SOVIET NAVAL ACTIVITIES OUTSIDE HOME WATERS IN 1985 (SOV 86-10047C)

Created: 10/1/1986

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Soviet Naval Activities Outside Home Waters5

CIA HISTORICAL REVIEW PROGRAM RELEASE AS9

Soviet Naval Activities Outside Home Waters5

A Research Paper

Soviei Naral Activities Outside Home Waters5

Informationf SI6

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activities in the calendar5 were highlighted by the following operations that have implications for wartime:

Antisubmarine warfare (ASW( operations off lhe US cast and west coasts thatecord number of Victor-das* submarines in areas where the Sovieu probably expect US ballistic missile submarines (SSBNsI to Operate.

Large-scale exercises in the Atlantic and the Pacific that featured the most elaborate depiction to date of US navalthe Soviets secthairend toward extending the area where the Soviet Navy plans lo engage Western naval forces in wartime.

Increased operation of naval aircraft from airfields in Libya and Syria to monitor Western naval forces.

Continued development of the naval base at Cam Ranh Bay, and the South China Sea Squadron's first observed complex exercise, which emphasized anticarrier strike operations.

these developments, the level of Soviet out-of-area naval operations, as measured by ship-daypresence of one ship away from home waters for onelimited to aboutercent of the Navy's available unitsaily average, The Soviet naval presence outside home waters5 decreasederceni from the record level achievedoviet naval presence increased slightly in lheand South China Seas; remained about the same in the Caribbean Sea, West African waters, and the Atlantic Ocean; and declined in the Pacific and Indian Oceans.

Reverie

SOV H6 twite(van

I on ion Is

Scmma ry

Ocean

Operation* OIT lhe US Fan Coast

Ship Investigations in Baffin Bay

Western Fleets Exercise

Sea

African

Scj

Ocean

Ocean

China Sea

Analysis; Wartime Operation* of the So.,et Navy in the South China Sea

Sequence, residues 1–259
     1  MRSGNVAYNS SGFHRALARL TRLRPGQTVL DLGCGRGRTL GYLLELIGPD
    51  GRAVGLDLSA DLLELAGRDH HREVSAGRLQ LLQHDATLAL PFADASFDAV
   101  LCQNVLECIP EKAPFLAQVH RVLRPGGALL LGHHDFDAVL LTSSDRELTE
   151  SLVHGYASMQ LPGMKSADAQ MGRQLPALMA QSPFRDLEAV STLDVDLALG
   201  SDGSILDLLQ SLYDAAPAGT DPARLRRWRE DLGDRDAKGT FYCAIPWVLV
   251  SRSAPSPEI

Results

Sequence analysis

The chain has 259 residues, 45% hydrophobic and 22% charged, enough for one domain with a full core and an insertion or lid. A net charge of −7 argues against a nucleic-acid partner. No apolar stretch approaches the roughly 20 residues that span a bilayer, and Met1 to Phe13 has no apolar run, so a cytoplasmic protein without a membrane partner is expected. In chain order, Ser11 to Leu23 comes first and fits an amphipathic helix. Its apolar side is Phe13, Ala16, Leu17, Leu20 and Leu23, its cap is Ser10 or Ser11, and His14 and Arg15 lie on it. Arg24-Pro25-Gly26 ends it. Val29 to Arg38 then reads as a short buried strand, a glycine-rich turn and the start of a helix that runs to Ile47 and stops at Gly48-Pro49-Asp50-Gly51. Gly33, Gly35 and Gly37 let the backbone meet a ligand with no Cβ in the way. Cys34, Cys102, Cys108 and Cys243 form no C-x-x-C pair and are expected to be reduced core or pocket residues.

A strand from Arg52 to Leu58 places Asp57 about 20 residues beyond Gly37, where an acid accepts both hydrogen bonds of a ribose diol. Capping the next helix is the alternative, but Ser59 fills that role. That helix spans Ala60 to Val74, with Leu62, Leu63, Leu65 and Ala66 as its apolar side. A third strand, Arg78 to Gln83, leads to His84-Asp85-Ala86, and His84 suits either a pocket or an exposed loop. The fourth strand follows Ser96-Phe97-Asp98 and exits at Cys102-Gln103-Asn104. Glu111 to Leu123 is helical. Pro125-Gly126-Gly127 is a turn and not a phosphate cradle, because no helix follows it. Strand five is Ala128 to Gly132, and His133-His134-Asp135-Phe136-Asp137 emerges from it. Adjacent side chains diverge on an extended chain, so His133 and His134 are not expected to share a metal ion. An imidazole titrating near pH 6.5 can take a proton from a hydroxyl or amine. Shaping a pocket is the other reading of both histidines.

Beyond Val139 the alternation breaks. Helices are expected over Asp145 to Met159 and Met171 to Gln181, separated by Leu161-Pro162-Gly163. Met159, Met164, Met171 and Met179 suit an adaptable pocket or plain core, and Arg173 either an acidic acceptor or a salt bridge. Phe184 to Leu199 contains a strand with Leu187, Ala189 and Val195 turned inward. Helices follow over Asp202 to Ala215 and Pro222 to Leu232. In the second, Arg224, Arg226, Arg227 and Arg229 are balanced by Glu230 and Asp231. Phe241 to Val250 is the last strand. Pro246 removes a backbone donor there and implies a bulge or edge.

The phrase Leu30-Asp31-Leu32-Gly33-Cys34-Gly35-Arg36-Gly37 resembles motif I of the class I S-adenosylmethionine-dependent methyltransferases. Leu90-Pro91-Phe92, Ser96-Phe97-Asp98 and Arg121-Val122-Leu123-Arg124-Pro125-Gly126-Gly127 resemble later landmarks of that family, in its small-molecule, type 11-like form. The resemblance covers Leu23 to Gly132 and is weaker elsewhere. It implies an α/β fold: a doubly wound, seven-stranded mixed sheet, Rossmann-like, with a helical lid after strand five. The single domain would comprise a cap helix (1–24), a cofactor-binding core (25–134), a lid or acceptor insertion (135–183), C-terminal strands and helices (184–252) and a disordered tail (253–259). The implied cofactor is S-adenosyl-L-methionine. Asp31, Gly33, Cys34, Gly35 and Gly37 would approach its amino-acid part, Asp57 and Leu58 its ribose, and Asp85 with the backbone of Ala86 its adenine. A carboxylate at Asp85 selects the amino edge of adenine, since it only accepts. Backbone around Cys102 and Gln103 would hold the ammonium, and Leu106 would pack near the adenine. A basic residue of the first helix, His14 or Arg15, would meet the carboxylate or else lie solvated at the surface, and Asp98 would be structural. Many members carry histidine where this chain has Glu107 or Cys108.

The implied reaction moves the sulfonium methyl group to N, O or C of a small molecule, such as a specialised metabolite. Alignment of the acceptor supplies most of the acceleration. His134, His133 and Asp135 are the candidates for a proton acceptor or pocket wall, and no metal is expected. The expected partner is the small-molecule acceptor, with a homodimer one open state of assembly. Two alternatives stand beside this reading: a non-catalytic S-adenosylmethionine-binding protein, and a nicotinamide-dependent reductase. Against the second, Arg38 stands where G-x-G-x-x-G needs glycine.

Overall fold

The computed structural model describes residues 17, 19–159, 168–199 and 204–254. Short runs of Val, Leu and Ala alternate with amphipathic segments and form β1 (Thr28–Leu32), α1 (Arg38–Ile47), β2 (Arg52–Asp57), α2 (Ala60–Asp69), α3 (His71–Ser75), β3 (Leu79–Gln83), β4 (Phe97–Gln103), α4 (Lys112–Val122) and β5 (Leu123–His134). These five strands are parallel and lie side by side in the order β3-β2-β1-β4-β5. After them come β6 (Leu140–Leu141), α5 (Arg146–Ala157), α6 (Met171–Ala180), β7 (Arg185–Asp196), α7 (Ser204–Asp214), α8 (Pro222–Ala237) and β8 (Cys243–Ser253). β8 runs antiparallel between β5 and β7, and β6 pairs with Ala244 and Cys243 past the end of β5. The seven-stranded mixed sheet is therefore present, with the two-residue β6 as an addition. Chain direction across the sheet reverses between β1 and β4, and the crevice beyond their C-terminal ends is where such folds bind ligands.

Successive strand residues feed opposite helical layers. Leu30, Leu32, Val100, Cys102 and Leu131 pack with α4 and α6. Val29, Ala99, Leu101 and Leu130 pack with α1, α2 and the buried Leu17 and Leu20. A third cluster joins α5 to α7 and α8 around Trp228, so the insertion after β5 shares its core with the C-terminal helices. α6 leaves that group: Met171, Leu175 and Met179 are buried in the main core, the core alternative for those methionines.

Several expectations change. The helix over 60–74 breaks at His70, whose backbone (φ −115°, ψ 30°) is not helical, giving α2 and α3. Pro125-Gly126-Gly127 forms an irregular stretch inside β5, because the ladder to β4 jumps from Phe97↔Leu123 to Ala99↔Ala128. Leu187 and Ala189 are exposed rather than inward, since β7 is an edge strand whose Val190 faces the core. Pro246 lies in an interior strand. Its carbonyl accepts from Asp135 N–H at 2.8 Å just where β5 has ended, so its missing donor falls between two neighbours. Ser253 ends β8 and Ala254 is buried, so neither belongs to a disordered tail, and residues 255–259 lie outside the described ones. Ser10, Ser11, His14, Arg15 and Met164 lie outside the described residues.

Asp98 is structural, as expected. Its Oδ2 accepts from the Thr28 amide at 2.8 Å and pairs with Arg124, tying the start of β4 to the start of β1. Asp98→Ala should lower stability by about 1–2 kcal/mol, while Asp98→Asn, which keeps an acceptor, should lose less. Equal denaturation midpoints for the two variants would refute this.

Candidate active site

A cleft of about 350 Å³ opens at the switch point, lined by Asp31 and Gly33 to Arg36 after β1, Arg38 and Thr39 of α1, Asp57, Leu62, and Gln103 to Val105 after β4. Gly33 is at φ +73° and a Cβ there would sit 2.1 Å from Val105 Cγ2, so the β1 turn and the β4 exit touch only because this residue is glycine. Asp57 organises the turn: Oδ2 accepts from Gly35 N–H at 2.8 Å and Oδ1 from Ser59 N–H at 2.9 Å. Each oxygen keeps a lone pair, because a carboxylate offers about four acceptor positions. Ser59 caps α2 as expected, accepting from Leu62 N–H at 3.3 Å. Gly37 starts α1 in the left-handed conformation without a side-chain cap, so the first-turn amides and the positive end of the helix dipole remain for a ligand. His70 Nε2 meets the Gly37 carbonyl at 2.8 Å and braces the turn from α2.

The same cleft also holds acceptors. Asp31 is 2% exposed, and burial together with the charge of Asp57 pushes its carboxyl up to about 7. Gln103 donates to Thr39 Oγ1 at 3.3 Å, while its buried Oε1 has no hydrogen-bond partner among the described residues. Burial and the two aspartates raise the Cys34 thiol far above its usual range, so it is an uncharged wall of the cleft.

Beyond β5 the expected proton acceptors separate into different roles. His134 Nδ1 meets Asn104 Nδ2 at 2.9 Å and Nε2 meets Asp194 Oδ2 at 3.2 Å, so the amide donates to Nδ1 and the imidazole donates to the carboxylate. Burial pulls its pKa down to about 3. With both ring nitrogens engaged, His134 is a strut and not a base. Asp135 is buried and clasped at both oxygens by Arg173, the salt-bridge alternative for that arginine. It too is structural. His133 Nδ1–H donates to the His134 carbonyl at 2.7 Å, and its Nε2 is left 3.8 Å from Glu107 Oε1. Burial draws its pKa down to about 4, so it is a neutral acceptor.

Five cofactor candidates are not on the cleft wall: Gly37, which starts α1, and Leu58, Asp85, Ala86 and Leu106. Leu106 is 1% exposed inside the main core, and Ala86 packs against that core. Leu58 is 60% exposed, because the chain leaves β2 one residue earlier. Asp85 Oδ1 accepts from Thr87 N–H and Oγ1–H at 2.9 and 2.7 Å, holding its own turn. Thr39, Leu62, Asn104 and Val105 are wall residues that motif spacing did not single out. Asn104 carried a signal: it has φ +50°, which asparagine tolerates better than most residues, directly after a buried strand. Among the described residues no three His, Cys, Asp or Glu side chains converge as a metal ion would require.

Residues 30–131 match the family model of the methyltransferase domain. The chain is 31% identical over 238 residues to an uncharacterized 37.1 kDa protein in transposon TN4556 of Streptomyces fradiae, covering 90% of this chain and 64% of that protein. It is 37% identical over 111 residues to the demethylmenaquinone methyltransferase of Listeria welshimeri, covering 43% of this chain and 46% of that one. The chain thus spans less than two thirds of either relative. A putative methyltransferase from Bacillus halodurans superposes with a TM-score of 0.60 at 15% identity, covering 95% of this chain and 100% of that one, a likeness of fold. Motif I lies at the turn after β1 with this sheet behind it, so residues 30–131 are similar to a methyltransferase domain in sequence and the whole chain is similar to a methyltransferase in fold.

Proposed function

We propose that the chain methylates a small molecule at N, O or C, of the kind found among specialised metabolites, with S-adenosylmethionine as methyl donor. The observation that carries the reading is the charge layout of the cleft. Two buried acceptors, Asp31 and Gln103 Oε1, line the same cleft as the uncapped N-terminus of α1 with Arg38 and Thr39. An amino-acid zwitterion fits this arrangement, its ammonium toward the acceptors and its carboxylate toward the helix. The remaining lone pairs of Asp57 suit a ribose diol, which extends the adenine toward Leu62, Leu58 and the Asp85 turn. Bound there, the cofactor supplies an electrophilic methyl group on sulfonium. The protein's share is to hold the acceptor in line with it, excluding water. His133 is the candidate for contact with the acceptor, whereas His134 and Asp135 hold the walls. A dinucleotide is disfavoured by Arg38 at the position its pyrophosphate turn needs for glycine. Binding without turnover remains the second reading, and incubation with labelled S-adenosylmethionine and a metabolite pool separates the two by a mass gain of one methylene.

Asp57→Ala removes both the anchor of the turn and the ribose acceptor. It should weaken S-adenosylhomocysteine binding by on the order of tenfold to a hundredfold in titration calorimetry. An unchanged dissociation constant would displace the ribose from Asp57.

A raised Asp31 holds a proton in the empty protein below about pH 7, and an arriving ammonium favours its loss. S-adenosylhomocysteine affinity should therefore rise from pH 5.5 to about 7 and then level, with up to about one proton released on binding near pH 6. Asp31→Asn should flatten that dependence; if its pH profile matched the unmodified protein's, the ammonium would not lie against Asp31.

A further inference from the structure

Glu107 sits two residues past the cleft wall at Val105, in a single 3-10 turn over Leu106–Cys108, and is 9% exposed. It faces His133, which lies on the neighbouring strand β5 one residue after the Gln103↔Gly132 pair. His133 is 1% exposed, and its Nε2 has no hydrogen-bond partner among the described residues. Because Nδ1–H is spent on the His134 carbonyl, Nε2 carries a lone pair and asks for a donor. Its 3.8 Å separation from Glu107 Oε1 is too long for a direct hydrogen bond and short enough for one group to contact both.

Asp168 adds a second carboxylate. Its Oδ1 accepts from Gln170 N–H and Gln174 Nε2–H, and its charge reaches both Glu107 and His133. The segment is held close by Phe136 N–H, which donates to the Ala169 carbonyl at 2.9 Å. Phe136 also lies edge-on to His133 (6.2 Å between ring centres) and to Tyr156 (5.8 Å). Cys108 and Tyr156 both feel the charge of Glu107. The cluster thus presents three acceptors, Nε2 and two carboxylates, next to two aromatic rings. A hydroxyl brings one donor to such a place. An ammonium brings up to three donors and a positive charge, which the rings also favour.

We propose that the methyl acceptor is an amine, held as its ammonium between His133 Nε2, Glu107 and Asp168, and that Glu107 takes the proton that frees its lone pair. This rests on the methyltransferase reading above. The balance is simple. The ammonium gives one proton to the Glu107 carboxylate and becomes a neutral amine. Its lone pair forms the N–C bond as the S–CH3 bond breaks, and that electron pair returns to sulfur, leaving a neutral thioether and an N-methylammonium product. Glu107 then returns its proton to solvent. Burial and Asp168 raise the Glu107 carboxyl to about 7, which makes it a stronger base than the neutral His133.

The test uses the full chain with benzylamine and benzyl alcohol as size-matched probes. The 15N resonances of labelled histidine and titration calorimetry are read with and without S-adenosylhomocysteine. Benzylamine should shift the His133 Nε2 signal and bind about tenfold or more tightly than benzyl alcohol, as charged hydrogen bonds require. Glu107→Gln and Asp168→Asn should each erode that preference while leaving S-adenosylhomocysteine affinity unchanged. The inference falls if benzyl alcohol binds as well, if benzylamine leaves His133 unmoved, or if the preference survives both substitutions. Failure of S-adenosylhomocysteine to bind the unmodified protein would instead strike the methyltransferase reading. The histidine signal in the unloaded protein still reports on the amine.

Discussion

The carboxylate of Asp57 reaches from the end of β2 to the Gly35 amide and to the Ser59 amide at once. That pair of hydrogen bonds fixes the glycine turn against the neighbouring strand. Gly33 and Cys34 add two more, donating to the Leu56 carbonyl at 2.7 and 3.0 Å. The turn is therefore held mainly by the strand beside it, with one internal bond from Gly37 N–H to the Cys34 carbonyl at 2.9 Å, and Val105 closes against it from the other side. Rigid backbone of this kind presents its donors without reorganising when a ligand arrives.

Forces and Capabilities

Forces and Capabilities

TienOsiCise,

US Bates in the Philippines

Inicidictiort

iit,iifmenT'.

Defense

Combatants

Purpose Submarines

Overseas Factiiues and Anchorages Used by Soviei Naval Forces

Deployment AreasS Ship-Days of So.ictie II

Figure 1

Soviet Ship-Days In DistanttVS5

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soviet naval activities outside home waters5

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Tbe Soviet naval presence outside borne waters5 decreased from tbe preceding year's record level of0 ship-days to0 ship-days {see figure I) (We use the yearly tabulation ol ship-days- tho presence of one ship away from home waters for oneoompnie deployment levels with those of preceding years and to identifychanges in deploymentoviet naval presence tncrcased slightly in the Mediterranean and South China Seas, remained about tbe same in the Caribbean Sea, West African waters, and theOcean, and declined in the Pacific and Indian Oceans (see

Atlantic Ocean

Analysis of sbip-days data iodicates the overall Soviet naval rjresence in the open Atlantic5 remained about the same as in recent years (see

Figure 2

soviet ship-days lo distant waters, by

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July by tbe first appearance ever in Balttn Dayoviet navalhydrographic research vessel that may have been investigating the area foruse by Soviet submarines^

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Submarine Operations Off the US East Coast

A force of five Victor-class nuclear-powered attack submarinesn intdligeoce collectionydrographic research shipnd fourong-range antisubmarine warfare (AS Wj aircraft (operaliDg out of Cuba) deployed from their Northern Fleet bases in early June lo an arcsnortheast of Bermuda (sec figure 4)

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Figure 3

Soviet Ship-Days id tbe Atlantic'

' Auxiliary Amphibian

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warfare

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poipw aubmrinei RiJIblif mimic lubntuinei

thec believe, therefore, thai it is unlikely that regular anii-SSBN patrols ofT the US coasts will be resumed until such time as qualitative improvements in Soviet SSNs alter the Soviets'of their chances for success. We arc riot certain whether the Soviets intend additional trials of anti-SSBN operations by groups of submarines.C